It was Swiss scientist Albert Hofmann's birthday on Wednesday. He's 100 years old, which is rather a Burroughsian hoot given that he's responsible for flooding the gibbering brain of the world with acid. It was Hofmann who discovered in the early 50s that LSD was powerfully psychoactive, leading to its pioneering use in psychiatry. Just as MDMA began its journey to infamy as a humble aid to marriage counselling, so LSD was employed as a tool to help the obsessive and traumatised understand and work on the psychological sources of their troubles. Then a shower of grubby long-hairs in the 60s got hold of it, and commenced cavorting naked all over the burgeoning media, which was increasing in reach and power even as it was still suffering a mother of a 50s hangover. It became ever so slightly better known for making hippies think they could fly, and get away with kissing policemen, than for its more low-key activities in the health rena. So that was pretty much that. Now LSD's philanthropic beginnings sound about as ludicrous as a 'Jodie: I'm Saving
Myself For The Right Man' headline.
However, plucky young Dr Ben Sessa chose Hofmann's happy 100th to put LSD's case to a medical establishment that has been la-la-la-not-listening for decades. He's adamant that research halted in the 60s should be picked up, because if the drug was once found to be helpful in psychotherapy, it's rather scandalous that it's lying idle now when people are in pain. The modern psyche is a bugger to fix, and needs all the help it can get. Sessa is presenting to the Royal College of Psychiatrists this spring, and good luck to him. He doesn't give a fig for the recreational stuff - not especially surprising since that was what slammed the door on the research in the first instance - he just wants all available weaponry for the war on misery. He's merely being pragmatic, although with such a hot issue there's not much 'merely' about it, as it takes some balls. 'I really want to present a dispassionate medical, scientific evidence-based argument,' he was quoted in the Guardian. 'Scientists, psychiatrists and psychologists were forced to give up their studies for socio-political reasons. That's what really drives me.'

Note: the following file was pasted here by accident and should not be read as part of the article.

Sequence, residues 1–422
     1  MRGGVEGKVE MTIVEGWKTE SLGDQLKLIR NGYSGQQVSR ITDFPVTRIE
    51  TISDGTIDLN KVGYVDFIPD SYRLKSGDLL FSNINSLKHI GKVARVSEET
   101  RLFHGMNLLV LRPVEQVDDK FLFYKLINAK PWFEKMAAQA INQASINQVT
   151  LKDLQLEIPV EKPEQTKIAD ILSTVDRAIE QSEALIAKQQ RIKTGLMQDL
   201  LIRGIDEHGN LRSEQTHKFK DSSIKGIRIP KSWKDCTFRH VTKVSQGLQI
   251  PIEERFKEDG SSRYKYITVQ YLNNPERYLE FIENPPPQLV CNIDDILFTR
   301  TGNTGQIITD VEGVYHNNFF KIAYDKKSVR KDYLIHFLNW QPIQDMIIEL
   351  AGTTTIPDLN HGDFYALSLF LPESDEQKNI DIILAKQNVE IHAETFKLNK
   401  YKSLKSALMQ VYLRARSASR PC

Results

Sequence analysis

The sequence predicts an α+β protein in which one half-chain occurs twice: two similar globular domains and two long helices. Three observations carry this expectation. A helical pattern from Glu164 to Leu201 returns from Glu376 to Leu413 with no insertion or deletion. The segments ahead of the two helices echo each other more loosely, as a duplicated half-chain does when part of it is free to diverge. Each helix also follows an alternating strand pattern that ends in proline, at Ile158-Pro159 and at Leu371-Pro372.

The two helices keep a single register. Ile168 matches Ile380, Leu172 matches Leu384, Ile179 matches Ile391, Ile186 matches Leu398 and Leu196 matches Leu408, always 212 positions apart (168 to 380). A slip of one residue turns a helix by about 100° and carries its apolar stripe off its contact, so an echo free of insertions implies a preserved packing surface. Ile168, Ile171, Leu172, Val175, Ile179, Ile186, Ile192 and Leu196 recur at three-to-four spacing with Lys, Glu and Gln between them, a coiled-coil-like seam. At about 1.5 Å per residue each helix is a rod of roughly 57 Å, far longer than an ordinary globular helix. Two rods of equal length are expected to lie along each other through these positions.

Of course this opens up a whole economy-sized can of oh my God, snakes, there are *snakes* coming out of the... oh, it's OK, they're just figurative worms. The long-standing taboo that envelops all recreational drugs is unlikely to be broken by one idealistic doctor, although more and more experts are liable to line up behind him. No-one but the most infuriating skunk-for-brains loon has ever suggested that illegal fun substances have no down side, no real attendant dangers; on the other hand there's a grudging acknowledgement on behalf of government and non-dabbling public that there must be pleasurable effects or people wouldn't bother. But there's still an enormous blind spot which negates the fact that these things, without being too glurgey about it, change lives - people do them not just for the momentary pretty colours or zingy feelings of whoop-de-do, but because they often find they have profound experiences that reshape their perspective. They risk depression to make themselves less depressed, if you want to be glib about it. If that impulse were grasped to even some extent, then it might naturally follow that research should be undertaken into the drugs for the relief of medical problems. If people self-prescribe these things in an attempt to help themselves feel happier, it's a scary thing - doctors carefully prescribing variants or extracts of the same to help patients feel happier is a less scary thing. Obviously research *is* being done into all manner of iffy ingestibles - the medical efficaciousness of cannabis, for example, has been scrutinised for years - but frankly, not enough, and such research is still needlessly stifled by moral panic. Drug research seems still to be centred on finding out how bad they might be for people who take them for fun, rather than how good they might be for people who would take them out of necessity.